On the occasion of Israel's sixty-fourth birthday
Pretending that my beloved dogs were something more than dogs – wasn’t fair to them. Dogs eat shit. And the more I looked away, the more I ignored it or made excuses, the more shit they ate.
It's been two years now since my dogs Harley and Duke died; Harley was fourteen when she passed on, Duke was twelve. There are few human beings I admire as much as I did Harley and Duke, and none that I admire more. They were Rhodesian Ridgebacks, a breed justly famous for their courage, speed and strength; more than once I watched Harley stand down an angry black bear, chase a pack of coyotes off our property and run a mountain lion up a tree. Duke, more impressively, stood up to my father, an angry, menacing man who, one Sunday afternoon, raised his hand as if to strike Duke, expecting Duke to cower or flinch; Duke did neither, instead taking a step forward and looking up at my father with a chilling degree of calm.
You can’t possibly, Duke seemed to say to him, be that fucking stupid.
Still, as great and impressive as their physical attributes were, they paled in comparison to – what else can I call it? – their souls. These dogs possessed qualities most humans never do: honor, dignity, loyalty, compassion. They gave back twice the love they received, and when, a few years later, our children were born, Harley and Duke immediately took them in, protecting them, guiding them away from open stairs and sharp corners, standing between them and visitors and barely whimpering when the boys pulled on their ears or sat on their bellies.
They were more than dogs
They were something different, something special, something perfect.
Perhaps that, in hindsight, is why it was so difficult for me to admit that they were eating shit.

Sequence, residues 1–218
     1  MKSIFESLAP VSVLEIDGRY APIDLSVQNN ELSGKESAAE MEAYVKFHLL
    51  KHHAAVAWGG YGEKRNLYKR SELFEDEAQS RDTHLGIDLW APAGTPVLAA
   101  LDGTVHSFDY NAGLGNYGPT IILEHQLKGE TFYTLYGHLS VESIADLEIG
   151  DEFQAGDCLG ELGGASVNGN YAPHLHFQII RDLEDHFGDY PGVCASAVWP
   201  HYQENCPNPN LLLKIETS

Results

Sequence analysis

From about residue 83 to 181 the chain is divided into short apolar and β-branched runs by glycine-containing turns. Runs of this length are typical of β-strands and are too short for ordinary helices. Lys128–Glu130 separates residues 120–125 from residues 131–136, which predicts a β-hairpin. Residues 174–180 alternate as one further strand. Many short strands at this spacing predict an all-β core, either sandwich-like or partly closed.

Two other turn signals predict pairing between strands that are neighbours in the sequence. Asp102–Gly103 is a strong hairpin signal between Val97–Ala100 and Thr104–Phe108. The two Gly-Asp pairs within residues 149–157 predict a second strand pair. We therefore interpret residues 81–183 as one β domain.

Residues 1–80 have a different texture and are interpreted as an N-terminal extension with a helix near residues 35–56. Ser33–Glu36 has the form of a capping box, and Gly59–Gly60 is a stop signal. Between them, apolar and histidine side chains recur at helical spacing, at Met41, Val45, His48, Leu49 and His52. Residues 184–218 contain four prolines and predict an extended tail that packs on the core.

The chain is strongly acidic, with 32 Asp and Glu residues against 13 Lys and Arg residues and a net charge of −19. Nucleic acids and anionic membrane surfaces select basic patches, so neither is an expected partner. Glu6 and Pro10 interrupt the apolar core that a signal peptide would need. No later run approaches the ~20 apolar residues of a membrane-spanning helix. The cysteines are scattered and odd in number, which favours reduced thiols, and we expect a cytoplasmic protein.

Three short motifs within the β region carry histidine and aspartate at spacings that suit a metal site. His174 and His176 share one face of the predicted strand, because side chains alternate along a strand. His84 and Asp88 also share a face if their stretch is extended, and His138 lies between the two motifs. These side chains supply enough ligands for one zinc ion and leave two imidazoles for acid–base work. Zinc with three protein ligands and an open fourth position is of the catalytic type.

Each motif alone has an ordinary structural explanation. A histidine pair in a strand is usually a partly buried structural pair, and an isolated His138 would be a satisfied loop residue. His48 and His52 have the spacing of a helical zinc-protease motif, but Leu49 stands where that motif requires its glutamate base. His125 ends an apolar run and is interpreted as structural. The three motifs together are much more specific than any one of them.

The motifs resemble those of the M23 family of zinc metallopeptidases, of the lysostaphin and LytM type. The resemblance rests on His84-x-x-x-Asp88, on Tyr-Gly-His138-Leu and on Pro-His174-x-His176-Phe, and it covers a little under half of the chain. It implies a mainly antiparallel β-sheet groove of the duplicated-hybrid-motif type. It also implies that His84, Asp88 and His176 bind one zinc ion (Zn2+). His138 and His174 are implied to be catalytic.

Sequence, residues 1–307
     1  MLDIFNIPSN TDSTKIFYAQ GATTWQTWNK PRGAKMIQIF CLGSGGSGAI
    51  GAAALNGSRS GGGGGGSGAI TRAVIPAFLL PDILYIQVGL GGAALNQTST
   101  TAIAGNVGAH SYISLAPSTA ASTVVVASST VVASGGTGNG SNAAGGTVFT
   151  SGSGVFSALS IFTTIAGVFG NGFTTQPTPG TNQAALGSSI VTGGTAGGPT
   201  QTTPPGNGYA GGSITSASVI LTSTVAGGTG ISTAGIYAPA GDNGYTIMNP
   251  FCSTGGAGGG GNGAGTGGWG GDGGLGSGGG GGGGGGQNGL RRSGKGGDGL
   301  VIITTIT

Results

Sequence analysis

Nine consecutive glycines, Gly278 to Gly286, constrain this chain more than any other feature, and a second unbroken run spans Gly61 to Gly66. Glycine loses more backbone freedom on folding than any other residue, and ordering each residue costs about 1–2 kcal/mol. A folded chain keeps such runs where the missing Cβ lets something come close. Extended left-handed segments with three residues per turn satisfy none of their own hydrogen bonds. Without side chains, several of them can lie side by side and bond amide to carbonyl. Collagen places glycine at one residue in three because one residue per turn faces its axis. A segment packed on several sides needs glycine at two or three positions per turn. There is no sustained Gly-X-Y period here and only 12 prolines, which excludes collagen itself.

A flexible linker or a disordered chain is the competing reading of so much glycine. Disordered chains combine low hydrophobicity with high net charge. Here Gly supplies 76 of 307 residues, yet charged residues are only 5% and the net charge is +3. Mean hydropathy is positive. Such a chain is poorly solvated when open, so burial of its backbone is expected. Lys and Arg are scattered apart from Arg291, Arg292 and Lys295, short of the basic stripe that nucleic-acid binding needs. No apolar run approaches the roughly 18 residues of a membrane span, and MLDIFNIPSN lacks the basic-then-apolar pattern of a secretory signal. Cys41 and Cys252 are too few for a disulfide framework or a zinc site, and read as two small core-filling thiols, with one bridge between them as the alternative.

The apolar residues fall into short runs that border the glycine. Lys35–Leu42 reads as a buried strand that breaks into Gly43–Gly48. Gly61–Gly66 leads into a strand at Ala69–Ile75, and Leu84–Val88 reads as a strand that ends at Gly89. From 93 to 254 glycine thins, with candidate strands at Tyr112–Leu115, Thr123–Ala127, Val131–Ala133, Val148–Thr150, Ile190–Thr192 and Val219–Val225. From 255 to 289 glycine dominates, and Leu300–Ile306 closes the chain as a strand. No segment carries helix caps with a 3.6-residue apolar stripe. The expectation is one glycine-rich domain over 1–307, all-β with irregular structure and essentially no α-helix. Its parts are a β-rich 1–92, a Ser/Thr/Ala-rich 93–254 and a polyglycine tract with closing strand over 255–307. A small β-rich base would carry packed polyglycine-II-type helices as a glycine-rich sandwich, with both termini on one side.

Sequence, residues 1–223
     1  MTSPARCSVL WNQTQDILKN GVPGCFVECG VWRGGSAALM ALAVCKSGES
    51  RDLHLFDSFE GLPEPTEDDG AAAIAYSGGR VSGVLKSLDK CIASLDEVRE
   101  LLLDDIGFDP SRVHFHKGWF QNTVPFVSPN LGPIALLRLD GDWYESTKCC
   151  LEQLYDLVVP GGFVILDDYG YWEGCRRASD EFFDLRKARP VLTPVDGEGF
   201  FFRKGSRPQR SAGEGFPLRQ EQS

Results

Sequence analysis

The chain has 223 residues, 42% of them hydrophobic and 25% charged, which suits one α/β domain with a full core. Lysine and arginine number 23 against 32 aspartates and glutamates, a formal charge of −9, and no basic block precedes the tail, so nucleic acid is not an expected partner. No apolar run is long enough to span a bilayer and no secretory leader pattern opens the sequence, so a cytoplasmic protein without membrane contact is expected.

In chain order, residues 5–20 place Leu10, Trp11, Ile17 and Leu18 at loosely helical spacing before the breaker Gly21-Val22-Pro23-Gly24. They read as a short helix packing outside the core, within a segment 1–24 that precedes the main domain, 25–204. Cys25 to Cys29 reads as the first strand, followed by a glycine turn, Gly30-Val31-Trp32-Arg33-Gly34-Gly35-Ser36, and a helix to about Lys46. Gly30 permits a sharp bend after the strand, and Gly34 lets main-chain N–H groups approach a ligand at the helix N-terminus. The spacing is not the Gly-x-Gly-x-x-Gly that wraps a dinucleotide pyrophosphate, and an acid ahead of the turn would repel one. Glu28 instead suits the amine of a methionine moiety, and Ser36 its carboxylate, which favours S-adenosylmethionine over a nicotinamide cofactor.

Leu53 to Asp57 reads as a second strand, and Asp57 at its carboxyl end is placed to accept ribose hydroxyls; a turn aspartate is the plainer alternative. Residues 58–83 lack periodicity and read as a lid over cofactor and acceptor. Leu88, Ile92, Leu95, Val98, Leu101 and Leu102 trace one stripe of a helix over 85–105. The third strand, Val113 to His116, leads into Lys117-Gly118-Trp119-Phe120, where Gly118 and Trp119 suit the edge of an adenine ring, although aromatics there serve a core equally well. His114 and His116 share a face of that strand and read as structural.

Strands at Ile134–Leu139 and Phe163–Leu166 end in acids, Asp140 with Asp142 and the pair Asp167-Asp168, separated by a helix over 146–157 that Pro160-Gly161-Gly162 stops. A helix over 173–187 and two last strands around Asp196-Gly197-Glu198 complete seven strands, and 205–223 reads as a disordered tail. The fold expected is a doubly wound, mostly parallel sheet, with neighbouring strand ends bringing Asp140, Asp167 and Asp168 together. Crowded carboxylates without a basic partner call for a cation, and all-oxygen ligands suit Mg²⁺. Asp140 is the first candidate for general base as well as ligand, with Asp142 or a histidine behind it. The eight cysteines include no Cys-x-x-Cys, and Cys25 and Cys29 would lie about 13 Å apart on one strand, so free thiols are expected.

They were older at that point, I don’t know if that had anything to do with it, but they were definitely eating shit. Their own shit, each other’s shit, bear shit, deer shit, bird shit, bat shit. Whatever shit they could find, they ate.
I blamed myself, of course, as we are wont to do in these situations.
Maybe I wasn’t feeding them enough? Maybe I was feeding them too much? Had I been too permissive, letting them stay outside in the woods on their own, not stopping them when they chewed the small branches that fell from the trees? Were branches some sort of gateway drug to eating shit?
Then I blamed them. It was their fault. They were Rhodesian, maybe that had something to do with. I’d never seen a German Shepherd eat shit, maybe I should have gotten a German Shepherd? Did all animals from Rhodesia eat shit? It’s hot there, maybe they have to, maybe it’s some sort of survival instinct? Maybe they were just freaks?
I didn’t know, and couldn’t bear to admit their habit to anyone else, not even their vet, and so I did the other thing we are wont to do in these situations: I went into denial. I looked the other way. I pretended not to see them with their noses buried in a pile of deer shit, pretended not to notice them emerging from the woods and licking their lips.
Harley and Duke, I told myself, do not eat shit.
Except, I knew, that they did. And when I could lie to myself no further, I took them to the vet.
“They seem fine,” he said.
“They’re eating shit,” I said.
“That’s fairly common.”
“Shit-eating is common?”
“They’re dogs,” he said. “All dogs eat shit.”
“Even German Shepherds?”
“It doesn’t matter where they’re from,” he said. “German Shepherds, Italian Greyhounds, American Pit Bulls. Dogs eat shit.”
And that was when it hit me. They were dogs. Pretending that they weren’t – pretending that they were something more than dogs – wasn’t fair to them. Dogs eat shit. And the more I looked away, the more I ignored it or made excuses, the more shit they ate.
Last year we got a new dog, a rescue named Natasha. The shelter folks brought her over, and we all met, and we watched and laughed and smiled as Natasha ran through the woods, chasing squirrels and barking at the breeze. The shelter folks told us how friendly she was, how good she was with kids for a dog so young, how brave she was, how smart she was – “whip smart” they said – and what an incredible dog she would be for us and our family.
She is, they said, something different. Something special.
Yes, I thought to myself. She is. And one day, just like every other dog on the planet, she’ll eat shit, too.
Shalom Auslander is the internationally-acclaimed author of the memoir "Foreskin's Lament," and the recent novel "Hope: A Tragedy."
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